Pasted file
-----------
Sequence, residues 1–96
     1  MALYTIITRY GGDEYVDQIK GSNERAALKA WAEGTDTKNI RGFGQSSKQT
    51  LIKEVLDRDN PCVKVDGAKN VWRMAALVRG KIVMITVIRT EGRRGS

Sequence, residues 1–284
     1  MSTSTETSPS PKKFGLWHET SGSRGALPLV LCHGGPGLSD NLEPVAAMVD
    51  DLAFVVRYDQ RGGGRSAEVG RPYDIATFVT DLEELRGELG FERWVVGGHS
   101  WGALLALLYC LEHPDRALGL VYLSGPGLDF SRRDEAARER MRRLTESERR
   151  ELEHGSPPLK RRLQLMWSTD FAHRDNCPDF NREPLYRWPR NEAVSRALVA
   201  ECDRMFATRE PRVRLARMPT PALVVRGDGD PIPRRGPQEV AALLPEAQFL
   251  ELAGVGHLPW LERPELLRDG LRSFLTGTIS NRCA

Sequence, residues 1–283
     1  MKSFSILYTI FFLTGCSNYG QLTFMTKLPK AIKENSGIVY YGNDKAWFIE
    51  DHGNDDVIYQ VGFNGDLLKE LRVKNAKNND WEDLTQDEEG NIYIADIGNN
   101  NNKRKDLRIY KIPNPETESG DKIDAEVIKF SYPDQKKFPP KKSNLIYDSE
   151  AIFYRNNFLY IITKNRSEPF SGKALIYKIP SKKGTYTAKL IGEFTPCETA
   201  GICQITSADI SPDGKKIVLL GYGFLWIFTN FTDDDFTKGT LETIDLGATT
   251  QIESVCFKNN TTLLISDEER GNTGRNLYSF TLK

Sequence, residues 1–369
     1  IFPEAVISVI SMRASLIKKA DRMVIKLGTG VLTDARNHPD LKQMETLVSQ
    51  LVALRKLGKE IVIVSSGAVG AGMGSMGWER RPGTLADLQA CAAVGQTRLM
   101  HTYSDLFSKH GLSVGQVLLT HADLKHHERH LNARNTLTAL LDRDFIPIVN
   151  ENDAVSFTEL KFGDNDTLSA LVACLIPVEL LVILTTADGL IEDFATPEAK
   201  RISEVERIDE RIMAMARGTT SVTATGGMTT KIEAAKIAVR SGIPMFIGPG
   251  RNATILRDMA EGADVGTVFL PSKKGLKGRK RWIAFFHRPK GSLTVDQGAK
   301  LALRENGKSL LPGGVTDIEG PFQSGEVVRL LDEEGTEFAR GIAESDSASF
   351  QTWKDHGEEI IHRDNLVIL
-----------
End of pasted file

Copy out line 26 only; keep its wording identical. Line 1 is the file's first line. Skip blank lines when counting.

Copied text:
   351  QTWKDHGEEI IHRDNLVIL